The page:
Five years after 43 students were kidnapped by police and turned over to a drug gang, Mexican authorities hunting for them say they have found dozens of clandestine graves and 184 bodies, but none of the missing students.
Alejandro Encinas, the administration's top human rights official, said Thursday that searches based on tips continue at two points, one of them a garbage dump.
Encinas said investigators have so far found about 200 clandestine burial sites and recovered 184 bodies, none of them the students. Most are believed to be victims of drug gangs or kidnappers, but only 44 have been identified.
Both Encinas and President Andres Manuel López Obrador wore T-shirts at a morning news conference that read, "Ayotzinapa, 5 years, I'm for the Truth."
Later, some of the students' parents were invited to the floor of Congress, where the names of the 43 were read aloud, followed by chants of "Find them alive!"
On Thursday afternoon, the families and supporters marched to Mexico City's main square. What began as a peaceful procession was marred by a small number of hooded vandals who broke windows, painted graffiti on walls and set fires at some businesses along the march's path.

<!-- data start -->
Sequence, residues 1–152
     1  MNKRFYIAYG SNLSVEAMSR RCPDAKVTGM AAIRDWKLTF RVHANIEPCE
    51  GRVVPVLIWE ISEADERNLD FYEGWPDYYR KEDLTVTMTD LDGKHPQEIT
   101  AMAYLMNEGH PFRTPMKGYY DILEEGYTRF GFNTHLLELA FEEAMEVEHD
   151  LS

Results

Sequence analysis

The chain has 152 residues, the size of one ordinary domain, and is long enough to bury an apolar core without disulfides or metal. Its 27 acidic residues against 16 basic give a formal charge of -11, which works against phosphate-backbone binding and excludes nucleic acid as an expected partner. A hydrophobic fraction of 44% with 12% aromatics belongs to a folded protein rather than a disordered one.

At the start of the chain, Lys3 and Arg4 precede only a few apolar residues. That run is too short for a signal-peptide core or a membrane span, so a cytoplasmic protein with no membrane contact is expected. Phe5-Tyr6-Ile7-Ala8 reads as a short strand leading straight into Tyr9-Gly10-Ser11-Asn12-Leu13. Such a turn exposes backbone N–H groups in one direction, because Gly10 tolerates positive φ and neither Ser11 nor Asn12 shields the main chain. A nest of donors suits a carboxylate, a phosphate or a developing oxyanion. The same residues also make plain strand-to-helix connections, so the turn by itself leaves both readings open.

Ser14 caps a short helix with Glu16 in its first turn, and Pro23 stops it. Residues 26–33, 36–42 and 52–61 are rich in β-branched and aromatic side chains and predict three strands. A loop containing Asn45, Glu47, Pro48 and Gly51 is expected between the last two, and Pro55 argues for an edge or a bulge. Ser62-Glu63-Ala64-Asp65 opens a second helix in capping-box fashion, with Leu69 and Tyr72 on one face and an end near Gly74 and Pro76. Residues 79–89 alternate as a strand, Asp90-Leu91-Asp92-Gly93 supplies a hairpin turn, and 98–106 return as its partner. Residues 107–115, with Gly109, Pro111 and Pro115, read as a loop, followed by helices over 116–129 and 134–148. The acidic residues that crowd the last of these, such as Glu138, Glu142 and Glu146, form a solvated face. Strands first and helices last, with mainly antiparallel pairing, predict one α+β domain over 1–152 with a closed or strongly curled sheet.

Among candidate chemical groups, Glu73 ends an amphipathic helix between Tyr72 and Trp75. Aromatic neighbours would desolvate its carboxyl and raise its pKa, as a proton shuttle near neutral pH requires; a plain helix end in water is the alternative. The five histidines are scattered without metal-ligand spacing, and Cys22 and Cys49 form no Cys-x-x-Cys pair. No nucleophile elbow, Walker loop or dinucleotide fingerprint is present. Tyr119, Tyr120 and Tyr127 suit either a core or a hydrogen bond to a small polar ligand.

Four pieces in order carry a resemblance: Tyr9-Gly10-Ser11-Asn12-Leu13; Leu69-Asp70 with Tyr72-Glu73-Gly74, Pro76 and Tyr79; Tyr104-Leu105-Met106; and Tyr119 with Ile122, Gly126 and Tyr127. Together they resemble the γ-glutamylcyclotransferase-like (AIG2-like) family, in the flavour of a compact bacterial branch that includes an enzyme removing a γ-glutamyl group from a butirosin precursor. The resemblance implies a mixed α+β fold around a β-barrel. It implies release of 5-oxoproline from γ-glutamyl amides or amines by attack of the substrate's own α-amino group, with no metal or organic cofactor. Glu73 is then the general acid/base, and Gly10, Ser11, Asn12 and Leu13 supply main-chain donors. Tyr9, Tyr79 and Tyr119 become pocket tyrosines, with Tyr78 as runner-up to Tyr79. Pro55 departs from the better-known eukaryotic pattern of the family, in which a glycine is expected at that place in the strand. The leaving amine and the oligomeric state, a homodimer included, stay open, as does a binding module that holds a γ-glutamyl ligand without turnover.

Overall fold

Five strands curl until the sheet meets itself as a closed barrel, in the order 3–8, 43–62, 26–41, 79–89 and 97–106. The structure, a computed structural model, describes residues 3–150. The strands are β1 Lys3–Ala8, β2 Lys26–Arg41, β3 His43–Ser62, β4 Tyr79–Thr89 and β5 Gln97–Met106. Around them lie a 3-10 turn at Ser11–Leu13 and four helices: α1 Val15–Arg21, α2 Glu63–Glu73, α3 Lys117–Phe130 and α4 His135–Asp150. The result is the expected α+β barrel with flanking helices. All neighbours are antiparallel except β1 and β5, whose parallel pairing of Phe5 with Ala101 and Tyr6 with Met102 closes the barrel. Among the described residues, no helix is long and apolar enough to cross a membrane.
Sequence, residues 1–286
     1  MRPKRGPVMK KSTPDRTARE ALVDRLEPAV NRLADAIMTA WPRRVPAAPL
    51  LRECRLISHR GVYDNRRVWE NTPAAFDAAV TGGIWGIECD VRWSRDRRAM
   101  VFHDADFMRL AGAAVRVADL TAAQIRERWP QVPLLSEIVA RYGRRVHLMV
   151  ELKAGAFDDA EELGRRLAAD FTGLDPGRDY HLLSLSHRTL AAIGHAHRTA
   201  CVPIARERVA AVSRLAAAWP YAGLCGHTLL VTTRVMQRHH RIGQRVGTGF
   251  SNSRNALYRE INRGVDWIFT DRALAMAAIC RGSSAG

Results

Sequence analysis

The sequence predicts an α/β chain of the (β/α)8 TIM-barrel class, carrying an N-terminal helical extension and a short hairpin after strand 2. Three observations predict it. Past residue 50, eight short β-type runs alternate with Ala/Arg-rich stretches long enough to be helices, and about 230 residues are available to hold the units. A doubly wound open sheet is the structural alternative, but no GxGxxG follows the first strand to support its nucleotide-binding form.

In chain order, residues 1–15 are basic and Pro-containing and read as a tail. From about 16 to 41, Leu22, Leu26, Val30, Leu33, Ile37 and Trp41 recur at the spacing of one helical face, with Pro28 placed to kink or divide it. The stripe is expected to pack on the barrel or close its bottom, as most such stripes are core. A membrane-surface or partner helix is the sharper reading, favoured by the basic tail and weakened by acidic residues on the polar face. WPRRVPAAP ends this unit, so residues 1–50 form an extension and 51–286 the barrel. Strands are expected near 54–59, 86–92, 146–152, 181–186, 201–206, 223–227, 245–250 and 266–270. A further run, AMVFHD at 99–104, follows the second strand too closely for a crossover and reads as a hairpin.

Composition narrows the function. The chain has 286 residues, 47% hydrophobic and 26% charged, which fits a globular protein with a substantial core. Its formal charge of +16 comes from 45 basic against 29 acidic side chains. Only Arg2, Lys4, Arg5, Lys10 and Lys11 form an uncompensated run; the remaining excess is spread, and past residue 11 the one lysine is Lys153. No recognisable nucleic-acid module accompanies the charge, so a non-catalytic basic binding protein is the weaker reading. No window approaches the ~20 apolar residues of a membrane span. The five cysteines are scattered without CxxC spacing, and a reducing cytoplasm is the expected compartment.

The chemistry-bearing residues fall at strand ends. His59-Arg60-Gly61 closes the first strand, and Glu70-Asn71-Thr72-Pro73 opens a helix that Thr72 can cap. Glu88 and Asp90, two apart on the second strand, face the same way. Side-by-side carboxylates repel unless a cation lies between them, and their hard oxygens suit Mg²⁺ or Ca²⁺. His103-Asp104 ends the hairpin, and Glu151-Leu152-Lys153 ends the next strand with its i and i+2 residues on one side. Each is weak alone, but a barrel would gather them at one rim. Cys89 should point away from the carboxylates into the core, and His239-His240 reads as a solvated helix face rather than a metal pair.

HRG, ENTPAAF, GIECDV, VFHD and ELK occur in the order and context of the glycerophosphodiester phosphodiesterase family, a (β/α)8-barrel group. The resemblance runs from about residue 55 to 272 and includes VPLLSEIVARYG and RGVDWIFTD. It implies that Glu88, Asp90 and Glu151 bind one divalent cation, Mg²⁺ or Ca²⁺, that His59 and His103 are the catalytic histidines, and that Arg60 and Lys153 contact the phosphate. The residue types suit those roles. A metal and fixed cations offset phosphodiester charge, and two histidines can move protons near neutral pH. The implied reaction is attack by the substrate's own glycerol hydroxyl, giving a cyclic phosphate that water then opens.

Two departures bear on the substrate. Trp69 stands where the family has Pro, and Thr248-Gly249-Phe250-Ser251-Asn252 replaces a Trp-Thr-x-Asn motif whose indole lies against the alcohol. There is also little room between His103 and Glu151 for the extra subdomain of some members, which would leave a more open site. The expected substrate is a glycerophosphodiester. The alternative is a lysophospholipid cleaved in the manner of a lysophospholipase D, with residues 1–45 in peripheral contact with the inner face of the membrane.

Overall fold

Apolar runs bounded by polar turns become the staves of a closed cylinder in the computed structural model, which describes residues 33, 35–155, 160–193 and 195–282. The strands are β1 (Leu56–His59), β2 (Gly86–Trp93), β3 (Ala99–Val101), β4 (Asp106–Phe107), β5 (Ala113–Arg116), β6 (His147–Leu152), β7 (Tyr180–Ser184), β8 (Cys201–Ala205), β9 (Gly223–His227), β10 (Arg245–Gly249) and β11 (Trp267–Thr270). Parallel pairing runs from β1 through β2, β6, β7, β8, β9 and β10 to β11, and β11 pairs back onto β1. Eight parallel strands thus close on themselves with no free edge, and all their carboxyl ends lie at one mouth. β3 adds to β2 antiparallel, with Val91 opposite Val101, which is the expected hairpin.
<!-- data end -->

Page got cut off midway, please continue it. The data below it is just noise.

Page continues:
The families condemned the destruction, but expressed frustration about the long wait for answers about their children's disappearance.
"With only discourse and nice words we're not going arrive at the truth," said Mario César González, a father of a missing student. "We have to be a little more forceful."
Luz María Telumbre marched with a photograph of her missing son hanging from her neck. "They need to hurry up with the truth," she said.
The 43 teachers' college students were detained by local police in the southern state of Guerrero in September 2014.
Investigators say police handed the students over to members of the Guerreros Unidos gang who purportedly killed and burned them. However, charred bone fragments found at one garbage dump have been fully matched to only one student, while another student was a partial or probable match.
Encinas said that investigators have combed through records of calls made with the students' cellphones and concluded the students themselves were never in contact with a rival gang, as the Guerreros Unidos had reportedly believed.
Encinas said there was no evidence that the students, or their bodies, ever left Guerrero state.
Authorities have continued to receive tips, including one from a local vigilante who recently claimed to know where the bodies are.
The legal cases against the 142 people arrested in the disappearances have largely fallen apart because police and prosecution agents in the previous administration allegedly tortured the suspects or violated their rights.
At least half the suspects now have been freed. Nobody has yet been convicted.
"It is a feeling of powerlessness because of the impunity, because we know that a lot of the people who may be freed, a lot of them may have played a role in these events," said Santiago Aguirre, director of the human rights center known as Prodh and a lawyer for victims' relatives.